Again, it is a medicine. Does one of us feel sad? Let the name of Jesus come into his heart, from there let it spring to his mouth, so that shining like the dawn it may dispel all darkness and make a cloudless sky. Does someone fall into sin? Does his despair even urge him to suicide? Let him but invoke this life-giving name and his will to live will be at once renewed. The hardness of heart that is our common experience, the apathy bred of indolence, bitterness of mind, repugnance for the things of the spirit — have they ever failed to yield in presence of that saving name? The tears damned up by the barrier of our pride — how have they not burst forth again with sweeter abundance at the thought of Jesus’ name? And where is the man, who, terrified and trembling before impending peril, has not been suddenly filled with courage and rid of fear by calling on the strength of that name? Where is the man who, tossed on the rolling seas of doubt, did not quickly find certitude by recourse to the clarity of Jesus’ name? Was ever a man so discouraged, so beaten down by afflictions, to whom the sound of this name did not bring new resolve? In short, for all the ills and disorders to which flesh is heir, this name is medicine. For proof we have no less than his own promise: “Call upon me in the day of trouble; I will deliver you, and you shall glorify me.” Nothing so curbs the onset of anger, so allays the upsurge of pride. It cures the wound of envy, controls unbridled extravagance and quenches the flame of lust; it cools the thirst of covetousness and banishes the itch of unclean desire. For when I name Jesus I set before me a man who is meek and humble of heart, kind, prudent, chaste, merciful, flawlessly upright and holy in the eyes of all; and this same man is the all-powerful God whose way of life heals me, whose support is my strength. All these re-echo for me at the hearing of Jesus’ name. Because he is man I strive to imitate him; because of his divine power I lean upon him. The examples of his human life I gather like medicinal herbs; with the aid of his power I blend them, and the result is a compound like no pharmacist can produce.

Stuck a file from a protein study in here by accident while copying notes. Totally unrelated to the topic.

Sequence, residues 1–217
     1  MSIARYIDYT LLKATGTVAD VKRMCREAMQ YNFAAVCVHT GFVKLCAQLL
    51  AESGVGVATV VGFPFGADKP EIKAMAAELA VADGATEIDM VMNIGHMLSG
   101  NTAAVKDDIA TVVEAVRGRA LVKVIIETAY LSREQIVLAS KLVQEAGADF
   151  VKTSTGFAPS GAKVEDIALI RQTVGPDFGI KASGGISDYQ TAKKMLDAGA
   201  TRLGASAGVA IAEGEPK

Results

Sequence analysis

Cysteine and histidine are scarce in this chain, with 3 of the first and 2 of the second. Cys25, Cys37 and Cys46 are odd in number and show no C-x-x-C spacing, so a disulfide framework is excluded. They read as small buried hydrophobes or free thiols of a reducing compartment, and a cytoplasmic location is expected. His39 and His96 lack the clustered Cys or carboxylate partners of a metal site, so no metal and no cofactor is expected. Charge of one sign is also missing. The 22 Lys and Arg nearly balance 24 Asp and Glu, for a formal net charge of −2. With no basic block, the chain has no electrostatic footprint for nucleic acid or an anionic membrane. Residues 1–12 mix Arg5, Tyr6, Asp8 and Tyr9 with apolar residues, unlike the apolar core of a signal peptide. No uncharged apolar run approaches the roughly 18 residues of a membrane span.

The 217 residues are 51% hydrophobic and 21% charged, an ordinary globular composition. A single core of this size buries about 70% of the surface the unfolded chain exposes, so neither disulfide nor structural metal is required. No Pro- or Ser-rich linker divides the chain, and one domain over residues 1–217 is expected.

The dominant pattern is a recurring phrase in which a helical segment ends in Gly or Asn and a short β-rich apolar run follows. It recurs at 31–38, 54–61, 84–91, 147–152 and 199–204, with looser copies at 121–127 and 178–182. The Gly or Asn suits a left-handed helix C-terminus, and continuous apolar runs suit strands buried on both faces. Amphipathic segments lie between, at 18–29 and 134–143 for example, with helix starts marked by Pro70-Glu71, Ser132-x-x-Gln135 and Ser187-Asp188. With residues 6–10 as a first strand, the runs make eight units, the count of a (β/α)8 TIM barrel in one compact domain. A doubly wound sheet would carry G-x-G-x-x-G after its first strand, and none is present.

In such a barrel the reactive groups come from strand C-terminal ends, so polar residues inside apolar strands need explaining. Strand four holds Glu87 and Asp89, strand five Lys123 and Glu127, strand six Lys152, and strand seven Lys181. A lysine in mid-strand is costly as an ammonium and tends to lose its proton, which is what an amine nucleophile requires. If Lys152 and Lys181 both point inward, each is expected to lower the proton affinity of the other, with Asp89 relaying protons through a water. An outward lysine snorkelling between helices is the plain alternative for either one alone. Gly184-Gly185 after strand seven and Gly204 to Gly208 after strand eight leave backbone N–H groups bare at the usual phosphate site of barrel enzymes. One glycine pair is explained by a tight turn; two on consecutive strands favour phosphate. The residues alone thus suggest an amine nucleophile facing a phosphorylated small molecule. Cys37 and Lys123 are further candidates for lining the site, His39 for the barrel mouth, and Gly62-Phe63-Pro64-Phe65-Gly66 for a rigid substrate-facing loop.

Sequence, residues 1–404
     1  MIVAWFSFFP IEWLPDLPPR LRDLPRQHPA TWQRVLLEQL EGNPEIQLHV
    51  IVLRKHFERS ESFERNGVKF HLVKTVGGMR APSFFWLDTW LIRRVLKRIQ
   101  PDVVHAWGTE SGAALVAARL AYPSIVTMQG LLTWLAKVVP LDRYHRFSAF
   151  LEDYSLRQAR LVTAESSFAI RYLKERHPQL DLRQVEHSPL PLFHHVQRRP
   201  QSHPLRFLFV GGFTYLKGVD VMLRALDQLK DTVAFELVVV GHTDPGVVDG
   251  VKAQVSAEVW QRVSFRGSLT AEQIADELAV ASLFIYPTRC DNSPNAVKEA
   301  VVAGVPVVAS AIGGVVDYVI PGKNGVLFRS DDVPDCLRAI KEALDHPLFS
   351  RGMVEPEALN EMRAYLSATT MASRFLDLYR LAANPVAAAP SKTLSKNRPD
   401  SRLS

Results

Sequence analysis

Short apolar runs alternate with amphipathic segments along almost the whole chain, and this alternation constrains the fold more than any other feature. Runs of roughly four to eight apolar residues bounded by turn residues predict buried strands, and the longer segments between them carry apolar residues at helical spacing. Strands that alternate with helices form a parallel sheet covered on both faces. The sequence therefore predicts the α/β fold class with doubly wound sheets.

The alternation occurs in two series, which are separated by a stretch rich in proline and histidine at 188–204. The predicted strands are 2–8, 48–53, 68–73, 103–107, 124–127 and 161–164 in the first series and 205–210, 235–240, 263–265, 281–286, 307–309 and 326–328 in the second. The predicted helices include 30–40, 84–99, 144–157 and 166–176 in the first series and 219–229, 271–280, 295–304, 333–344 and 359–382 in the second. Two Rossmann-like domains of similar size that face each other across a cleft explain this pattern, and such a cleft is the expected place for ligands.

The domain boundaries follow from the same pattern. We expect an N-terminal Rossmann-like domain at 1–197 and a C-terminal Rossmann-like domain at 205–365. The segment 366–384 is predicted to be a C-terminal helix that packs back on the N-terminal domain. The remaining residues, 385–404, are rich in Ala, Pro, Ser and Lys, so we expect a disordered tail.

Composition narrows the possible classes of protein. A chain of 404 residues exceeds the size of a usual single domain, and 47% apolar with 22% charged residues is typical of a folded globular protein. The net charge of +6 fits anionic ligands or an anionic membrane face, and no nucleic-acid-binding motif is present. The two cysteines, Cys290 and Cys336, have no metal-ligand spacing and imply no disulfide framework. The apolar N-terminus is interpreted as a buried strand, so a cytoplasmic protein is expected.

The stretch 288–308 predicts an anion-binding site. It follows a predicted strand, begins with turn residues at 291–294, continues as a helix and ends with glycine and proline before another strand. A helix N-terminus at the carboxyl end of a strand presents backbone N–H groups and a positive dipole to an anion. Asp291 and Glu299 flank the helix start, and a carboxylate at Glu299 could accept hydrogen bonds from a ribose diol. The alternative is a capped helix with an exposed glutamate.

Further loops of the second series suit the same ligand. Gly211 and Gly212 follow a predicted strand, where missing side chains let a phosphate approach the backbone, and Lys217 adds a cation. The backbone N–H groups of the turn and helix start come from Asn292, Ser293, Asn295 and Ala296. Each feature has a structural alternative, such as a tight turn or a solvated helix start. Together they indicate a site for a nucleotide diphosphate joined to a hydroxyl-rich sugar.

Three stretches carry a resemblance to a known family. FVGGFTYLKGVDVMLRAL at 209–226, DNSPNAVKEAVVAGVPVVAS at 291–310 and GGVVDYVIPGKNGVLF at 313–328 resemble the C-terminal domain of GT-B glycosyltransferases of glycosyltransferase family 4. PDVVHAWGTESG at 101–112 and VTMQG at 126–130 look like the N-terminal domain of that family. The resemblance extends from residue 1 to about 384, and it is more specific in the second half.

Hidden as in a vase, in this name of Jesus, you, my soul, possess a salutary remedy against which no spiritual illness will be proof. Carry it always close to your heart, always in your hand, and so ensure that all your affections, all your actions, are directed to Jesus. You are even invited to do this: “Set me as a seal,” he says, “upon your heart, as a seal upon your arm.” Here is a theme we shall treat of again. For the moment you have this ready medicine for heart and hand. The name of Jesus furnishes the power to correct your evil actions; to supply what is wanting to imperfect ones; in this name your affections find a guard against corruption, or if corrupted, a power that will make them whole again. (Sermon XV On The Song of Songs)

Were a brother to recite the Scriptures from morning until night, were he to pray Psalter after Psalter, keeping vigil to do so, and spending his breath on nothing save the Word of God, he would not be able to equal the power and efficacy of a single invocation of the Holy Name of Jesus. The ceaseless invocation of the Name of Jesus has, over the centuries, taken various forms and expressions in the monastic life, but without it, monastic observance is, as Saint Bernard says, dry and tasteless. It is all the weariness of battle without a sabbath rest. It is a long march in the darkness without the ray of light that penetrates the heart and gives hope amidst the gloom.

Richard Rolle, a mystic of fourteenth century England, associated the Name of Jesus with three things: calor, heat; dulcor, sweetness; and canor, song. Listen to his teaching:

If you will be well with God, and have grace to rule your life, and come to the joy of love: this name Jesus, fasten it so fast in your heart that it come never out of your thought. And when you speak to him, and through custom say, “Jesus,” it shall be in your ear, joy; in your mouth; honey; and in your heart, melody: for men shall think joy to hear that name be named, sweetness to speak it, mirth, and song to think it. If you think the name “Jesus” continually, and hold it firmly, it purges your sin, and kindles your heart; it clarifies your soul, it removes anger and does away slowness. It wounds in love and fulfills charity. It chases the devil, and puts out dread. It opens heaven, and makes a contemplative man. Have Jesus in mind, for that puts all vices and phantoms out from the lover.

Saint Benedict concludes today’s section of the Prologue with the very words of Our Lord in John 12:35. Saint Benedict changes but a single word. Whereas Our Lord says, “Walk whilst you have the light—Ambulate dum lucem habetis—lest the darkness of death seize hold of you”, Saint Benedict gives us “Run while ye have the light of life—Currite dum lumen vitae habetis— lest the darkness of death seize hold of you”. The use of currite (run) is consistent with the message of the Prologue. My conversion and yours, dear sons, is always urgent. “To-day if ye shall hear His voice, harden not your hearts” (Psalm 94:8). The most efficacious means of our conversion is persevering recourse to the Holy Name of Jesus. The Name of Jesus softens the hardest heart, cleanses the most defiled heart, inflames the coldest heart. The invocation of the adorable Name of Jesus is the light of life. He who runs in this light will not tire and will surely reach his goal. The beginning of the Holy Rule already has its very last sentence in view:

Whoever, therefore, thou art that hasteneth to thy heavenly country, fulfil by the help of Christ (by the Name of Jesus) this least of Rules which we have written for beginners; and then at length thou shalt arrive.